The nomination process of the 2014 Indianapolis Prize will be here before we know it! The deadline is February 28, 2013, so now is the time to consider nominating a deserving individual to receive this singular honor. Here's how:
Nominations for the 2014 Indianapolis Prize, the world’s leading award for animal conservation, will be accepted from now through February 28, 2013. The $100,000 biennial award is given to an individual animal conservationist who has made significant achievements in advancing sustainability of an animal species or group of species. It represents the largest individual monetary award for animal conservation in the world and is given as an unrestricted gift to the chosen recipient.
Anyone can nominate a candidate for the Indianapolis Prize. To be accepted as a nominee, individuals must have accomplished a personal achievement or series of achievements that have resulted in a demonstrable positive impact on a species or group of species that is likely to improve the species’ likelihood of long-term survival. For complete guidelines and to learn more about the nominating process, send an email to firstname.lastname@example.org or call (317) 630-2710. Once your request has been received, a nomination form with instructions will be sent by return email, if applicable.
The winner of the 2012 Indianapolis Prize is Steven C. Amstrup, chief scientist for Polar Bears International. Amstrup’s three decades of polar bear research and his unwavering conviction that solutions can and must be found are creating new optimism that polar bears can be saved from extinction. In 2007 Amstrup led an international team of researchers to assess the likely future impact of global warming on polar bears. The group’s nine reports, relied on by the Secretary of the Interior, and became the basis for the 2008 listing of polar bears as a threatened species under the Endangered Species Act. This listing is significant because the polar bear is the first species – and only species to date – to be listed on the basis of threats posed by global warming.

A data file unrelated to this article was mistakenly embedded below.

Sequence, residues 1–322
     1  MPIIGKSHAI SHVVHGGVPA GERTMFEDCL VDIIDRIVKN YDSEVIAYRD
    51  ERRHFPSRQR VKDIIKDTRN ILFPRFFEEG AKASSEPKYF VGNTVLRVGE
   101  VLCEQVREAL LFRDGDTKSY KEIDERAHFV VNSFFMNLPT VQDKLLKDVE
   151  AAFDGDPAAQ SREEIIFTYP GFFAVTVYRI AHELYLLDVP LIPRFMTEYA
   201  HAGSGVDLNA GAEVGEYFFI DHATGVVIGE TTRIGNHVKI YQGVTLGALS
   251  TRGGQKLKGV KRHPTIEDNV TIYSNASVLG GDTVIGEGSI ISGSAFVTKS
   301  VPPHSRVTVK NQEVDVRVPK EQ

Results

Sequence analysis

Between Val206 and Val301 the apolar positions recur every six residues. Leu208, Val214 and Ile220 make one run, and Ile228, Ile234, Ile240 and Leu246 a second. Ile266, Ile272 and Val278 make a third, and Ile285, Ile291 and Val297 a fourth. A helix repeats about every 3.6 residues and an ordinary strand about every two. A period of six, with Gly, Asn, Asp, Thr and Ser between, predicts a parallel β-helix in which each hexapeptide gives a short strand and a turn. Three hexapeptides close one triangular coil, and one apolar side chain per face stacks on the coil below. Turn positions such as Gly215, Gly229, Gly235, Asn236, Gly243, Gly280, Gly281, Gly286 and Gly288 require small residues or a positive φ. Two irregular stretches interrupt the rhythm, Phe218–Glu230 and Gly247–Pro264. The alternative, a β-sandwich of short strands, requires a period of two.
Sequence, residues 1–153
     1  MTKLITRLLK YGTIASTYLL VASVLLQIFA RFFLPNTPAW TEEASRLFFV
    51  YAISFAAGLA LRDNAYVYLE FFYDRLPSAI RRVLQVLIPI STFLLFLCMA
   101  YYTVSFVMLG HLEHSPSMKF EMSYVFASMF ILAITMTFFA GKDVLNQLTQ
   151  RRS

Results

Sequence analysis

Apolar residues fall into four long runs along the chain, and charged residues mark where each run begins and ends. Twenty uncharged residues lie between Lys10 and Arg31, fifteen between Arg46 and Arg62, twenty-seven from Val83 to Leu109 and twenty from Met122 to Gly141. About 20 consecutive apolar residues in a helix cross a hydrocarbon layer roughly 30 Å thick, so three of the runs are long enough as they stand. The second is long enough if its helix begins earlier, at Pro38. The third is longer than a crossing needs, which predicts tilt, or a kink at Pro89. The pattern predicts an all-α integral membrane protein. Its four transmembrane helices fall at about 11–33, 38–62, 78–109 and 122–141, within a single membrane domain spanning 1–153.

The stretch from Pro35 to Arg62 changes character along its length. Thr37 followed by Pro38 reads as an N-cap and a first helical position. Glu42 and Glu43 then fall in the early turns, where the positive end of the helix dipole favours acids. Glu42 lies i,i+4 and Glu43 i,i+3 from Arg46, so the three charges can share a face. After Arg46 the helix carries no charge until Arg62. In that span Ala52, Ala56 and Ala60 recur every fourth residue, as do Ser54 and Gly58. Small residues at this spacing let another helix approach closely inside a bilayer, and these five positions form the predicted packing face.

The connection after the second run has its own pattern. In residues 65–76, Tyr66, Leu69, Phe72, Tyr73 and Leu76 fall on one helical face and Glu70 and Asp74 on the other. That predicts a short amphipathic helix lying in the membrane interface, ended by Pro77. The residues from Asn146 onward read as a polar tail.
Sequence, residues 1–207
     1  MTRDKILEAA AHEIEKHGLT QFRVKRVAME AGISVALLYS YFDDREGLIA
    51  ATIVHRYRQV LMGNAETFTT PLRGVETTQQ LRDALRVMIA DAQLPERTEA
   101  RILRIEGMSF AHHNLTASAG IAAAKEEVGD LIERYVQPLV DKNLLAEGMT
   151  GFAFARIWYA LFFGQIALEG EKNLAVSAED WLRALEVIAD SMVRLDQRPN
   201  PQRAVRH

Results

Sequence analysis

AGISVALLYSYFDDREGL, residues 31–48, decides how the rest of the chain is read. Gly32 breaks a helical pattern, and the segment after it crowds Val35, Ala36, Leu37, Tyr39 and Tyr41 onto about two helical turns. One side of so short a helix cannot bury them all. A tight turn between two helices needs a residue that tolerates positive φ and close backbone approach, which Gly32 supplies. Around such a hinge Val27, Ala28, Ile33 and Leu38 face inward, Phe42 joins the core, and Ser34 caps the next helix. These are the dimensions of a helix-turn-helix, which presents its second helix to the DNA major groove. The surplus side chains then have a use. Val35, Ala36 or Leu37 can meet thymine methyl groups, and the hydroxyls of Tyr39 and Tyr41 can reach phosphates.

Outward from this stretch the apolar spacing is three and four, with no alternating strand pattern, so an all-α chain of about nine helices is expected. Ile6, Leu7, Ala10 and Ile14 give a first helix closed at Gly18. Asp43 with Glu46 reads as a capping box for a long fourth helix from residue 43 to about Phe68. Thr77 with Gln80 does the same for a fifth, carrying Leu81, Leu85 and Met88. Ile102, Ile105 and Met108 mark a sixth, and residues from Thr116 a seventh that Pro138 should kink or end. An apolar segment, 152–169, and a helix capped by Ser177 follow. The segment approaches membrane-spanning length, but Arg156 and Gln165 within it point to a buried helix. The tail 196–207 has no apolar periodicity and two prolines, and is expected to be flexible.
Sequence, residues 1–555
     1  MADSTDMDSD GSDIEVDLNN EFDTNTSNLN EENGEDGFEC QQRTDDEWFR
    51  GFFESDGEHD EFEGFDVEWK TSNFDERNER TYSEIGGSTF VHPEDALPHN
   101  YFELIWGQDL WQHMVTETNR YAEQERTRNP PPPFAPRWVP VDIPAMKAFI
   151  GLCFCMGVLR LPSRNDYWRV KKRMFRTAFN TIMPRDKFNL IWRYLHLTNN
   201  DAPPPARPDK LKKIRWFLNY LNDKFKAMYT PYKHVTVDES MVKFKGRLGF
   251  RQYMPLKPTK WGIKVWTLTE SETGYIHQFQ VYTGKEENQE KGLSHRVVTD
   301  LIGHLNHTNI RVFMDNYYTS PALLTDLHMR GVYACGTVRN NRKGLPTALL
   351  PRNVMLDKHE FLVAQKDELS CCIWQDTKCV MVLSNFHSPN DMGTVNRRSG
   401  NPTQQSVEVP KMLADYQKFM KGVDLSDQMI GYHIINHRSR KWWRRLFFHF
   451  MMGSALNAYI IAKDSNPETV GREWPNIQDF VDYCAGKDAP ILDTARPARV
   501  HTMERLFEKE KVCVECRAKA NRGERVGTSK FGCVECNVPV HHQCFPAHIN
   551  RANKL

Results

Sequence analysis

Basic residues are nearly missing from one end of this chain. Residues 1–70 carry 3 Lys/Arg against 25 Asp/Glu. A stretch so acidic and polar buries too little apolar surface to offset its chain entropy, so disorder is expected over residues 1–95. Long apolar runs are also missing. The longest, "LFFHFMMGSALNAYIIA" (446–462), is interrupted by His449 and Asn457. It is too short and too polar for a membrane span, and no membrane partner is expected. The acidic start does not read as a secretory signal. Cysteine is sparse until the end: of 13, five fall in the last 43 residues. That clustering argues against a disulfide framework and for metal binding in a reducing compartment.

He received the Prize at the Indianapolis Prize Gala presented by Cummins Inc. on September 29 at the JW Marriott in downtown Indianapolis. At this extraordinary celebration of conservation, the other five finalists literally shared the stage with Amstrup, including Markus Borner of the Frankfort Zoological Society, Rodney Jackson fo the Snow Leopard Conservancy, Carl Jones of the Mauritian Wildlife Foundation, Russell Mittermeier of Conservation International, and Patricia Wright of the Institute for the Conservation of Tropical Environments. Also on hand were previous winners George Archibald and Iain Douglas-Hamilton, along with celebrity co-hosts Josh Duhamel and Saba Douglas Hamilton.
The Indianapolis Prize was first awarded in 2006 to Dr. George Archibald, the co-founder of the International Crane Foundation. The 2008 winner was George Schaller, Ph.D., senior conservationist for the Wildlife Conservation Society and Vice President of the Panthera Foundation. In 2010, the Indianapolis Prize was awarded to Iain Douglas-Hamilton, Ph.D., founder of Save the Elephants, who pioneered research in elephant social behavior and established the African elephant bill, the most successful funding program for the species to date.
Past nominees and finalists for the Indianapolis Prize are representative of the most significant conservationists throughout the world. Among the more than 100 outstanding scientists who have been nominated are 2012 nominees Russell Mittermeier, one of the first academic primatologists to become concerned with the sustainability and conservation of primates; Carl Jones, personally credited with the leading role in saving a dozen species from extinction including the Mauritius kestrels, pink pigeons and echo parakeets; and Rodney Jackson, the world’s foremost expert on the mysterious and endangered snow leopard.
Gala photos by Banayote Photography